Courtesy Kenn Kaufman
A cosmopolitan species, the Great Egret is broadly distributed throughout tropical and temperate wetlands around the globe. In the Americas, it breeds from Canada to Argentina and Chile. Wintering populations can be found as far north as waters remain ice-free in North America. Generally this ranges from Oregon south along the West Coast, and along Mexico down to Panama, as well as throughout much of the southern United States, and up the Eastern Seaboard, sometimes into New York and Massachusetts during warmer years.
A legend for the range map to the right can be found here
Great Egrets inhabit all kinds of wetlands, both inland and along the coast, including marshes, river margins, lakeshores, coastal swamps, lagoons, mudflats, and manmade impoundments and drainage ditches. They can also be found in more terrestrial habitats, such as agricultural fields. Nesting takes place mostly in waterside trees or shrubs, often on islands.
Strictly carnivorous, Great Egrets stalk their prey by either standing still or walking slowly in shallow water and marshland. Their diet consists mainly of fish, but also includes aquatic invertebrates (particularly crustaceans), insects, amphibians, reptiles, other birds, and small mammals. Great Egrets feed individually or in loose flocks, sometimes with other herons, cormorants, and ibises. They sometimes forage in open fields.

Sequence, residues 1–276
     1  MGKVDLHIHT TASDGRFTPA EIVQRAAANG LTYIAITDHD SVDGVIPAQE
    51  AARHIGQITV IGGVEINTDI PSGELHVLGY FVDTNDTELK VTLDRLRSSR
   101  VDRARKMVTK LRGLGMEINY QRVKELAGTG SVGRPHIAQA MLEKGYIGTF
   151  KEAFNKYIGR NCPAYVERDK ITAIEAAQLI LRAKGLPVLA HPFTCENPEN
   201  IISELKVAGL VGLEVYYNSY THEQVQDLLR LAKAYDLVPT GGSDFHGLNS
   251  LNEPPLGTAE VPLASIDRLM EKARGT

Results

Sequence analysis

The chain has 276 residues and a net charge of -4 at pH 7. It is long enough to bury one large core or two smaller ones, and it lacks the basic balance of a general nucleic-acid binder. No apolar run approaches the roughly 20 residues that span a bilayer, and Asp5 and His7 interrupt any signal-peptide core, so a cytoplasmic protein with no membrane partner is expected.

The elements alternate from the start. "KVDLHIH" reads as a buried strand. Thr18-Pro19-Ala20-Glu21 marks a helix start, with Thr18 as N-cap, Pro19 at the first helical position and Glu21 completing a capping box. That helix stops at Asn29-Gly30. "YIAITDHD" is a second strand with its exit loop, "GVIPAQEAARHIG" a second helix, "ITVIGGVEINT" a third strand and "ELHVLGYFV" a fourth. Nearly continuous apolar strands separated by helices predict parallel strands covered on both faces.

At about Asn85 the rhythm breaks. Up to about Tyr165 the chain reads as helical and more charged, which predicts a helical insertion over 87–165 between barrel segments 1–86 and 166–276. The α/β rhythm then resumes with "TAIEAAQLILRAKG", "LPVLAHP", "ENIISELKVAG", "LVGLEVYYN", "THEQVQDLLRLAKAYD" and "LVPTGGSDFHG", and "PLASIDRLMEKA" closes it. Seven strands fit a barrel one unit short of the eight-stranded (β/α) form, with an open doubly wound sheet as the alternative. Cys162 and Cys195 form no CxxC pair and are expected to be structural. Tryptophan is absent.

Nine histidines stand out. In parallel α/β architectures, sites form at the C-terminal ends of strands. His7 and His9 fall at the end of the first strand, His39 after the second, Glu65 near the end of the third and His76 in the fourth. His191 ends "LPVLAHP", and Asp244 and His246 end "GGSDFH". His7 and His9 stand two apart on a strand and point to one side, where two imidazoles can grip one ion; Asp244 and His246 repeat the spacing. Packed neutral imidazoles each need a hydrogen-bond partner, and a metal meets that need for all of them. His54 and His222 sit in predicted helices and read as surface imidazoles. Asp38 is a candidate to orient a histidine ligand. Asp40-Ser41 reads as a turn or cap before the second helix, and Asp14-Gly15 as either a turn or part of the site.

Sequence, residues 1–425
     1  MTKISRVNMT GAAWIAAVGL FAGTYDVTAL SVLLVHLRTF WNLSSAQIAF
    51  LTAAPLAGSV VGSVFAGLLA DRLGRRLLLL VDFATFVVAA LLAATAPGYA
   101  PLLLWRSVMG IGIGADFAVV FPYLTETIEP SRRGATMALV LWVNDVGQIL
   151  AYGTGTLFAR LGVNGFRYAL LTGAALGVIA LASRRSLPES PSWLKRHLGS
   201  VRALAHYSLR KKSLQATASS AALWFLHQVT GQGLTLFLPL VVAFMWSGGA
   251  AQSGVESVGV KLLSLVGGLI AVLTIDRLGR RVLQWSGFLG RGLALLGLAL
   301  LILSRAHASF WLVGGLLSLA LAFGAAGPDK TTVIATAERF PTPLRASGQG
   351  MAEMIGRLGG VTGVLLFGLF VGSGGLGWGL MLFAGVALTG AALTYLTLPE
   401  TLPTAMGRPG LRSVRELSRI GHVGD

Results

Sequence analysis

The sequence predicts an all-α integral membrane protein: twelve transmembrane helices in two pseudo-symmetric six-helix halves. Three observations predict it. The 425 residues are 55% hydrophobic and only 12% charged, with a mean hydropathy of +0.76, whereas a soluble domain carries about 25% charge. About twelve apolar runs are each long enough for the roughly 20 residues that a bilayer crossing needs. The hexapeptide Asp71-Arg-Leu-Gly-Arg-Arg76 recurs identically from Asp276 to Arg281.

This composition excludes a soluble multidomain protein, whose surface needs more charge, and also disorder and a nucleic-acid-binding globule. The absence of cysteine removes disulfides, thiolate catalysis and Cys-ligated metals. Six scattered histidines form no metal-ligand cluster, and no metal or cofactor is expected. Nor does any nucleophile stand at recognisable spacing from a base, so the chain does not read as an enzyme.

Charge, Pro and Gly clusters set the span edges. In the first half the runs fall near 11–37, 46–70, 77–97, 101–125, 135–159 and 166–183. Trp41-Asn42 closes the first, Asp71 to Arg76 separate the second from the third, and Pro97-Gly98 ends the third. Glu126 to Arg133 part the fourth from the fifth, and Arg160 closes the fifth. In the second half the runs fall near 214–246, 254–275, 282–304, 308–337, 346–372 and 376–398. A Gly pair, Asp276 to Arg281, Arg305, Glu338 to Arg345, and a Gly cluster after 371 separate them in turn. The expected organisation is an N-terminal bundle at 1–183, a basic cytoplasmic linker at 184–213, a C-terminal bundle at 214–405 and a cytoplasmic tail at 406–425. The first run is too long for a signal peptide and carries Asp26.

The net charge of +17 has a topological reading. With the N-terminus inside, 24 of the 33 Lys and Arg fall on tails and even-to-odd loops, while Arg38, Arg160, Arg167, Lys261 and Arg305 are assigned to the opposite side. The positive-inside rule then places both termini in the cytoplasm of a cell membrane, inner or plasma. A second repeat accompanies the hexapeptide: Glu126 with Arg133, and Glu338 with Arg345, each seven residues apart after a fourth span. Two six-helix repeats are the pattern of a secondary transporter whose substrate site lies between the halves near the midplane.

At the beginning of the breeding season, Great Egrets develop long showy plumes, called aigrettes, which trail from their backs, and are prominently displayed during courtship. Their bills become orange-yellow and the skin around their eyes changes from yellow to lime-green. Seasonally monogamous, the birds typically nest in large colonies, often with other species such as Great Blue Herons or Snowy Egrets. A Great Egret pair produces a single brood each year, starting when the birds are two or three years of age. In temperate zones they breed in spring or summer, depending on when food is most abundant; in the tropics, they can breed at any time of the year. Their platform nests, made of twigs, are constructed in treetops or woody vegetation. Females lay one to six pale blue-green eggs, which both sexes incubate for about three weeks. Both parents care for the chicks, which can fly at six to seven weeks of age.
In North America, Great Egrets are migratory in their northern and interior breeding areas, but they are apparently influenced by temperature fluctuations. In milder winters, the birds may stay on their breeding grounds if the waters where they feed remain open. Spring migration occurs between late February and May, with birds occupying their summering grounds until late August through November, and sometimes even into December. They migrate individually or in small, V-shaped or wavy-lined flocks of less than 25, often following routes along coastlines and major rivers.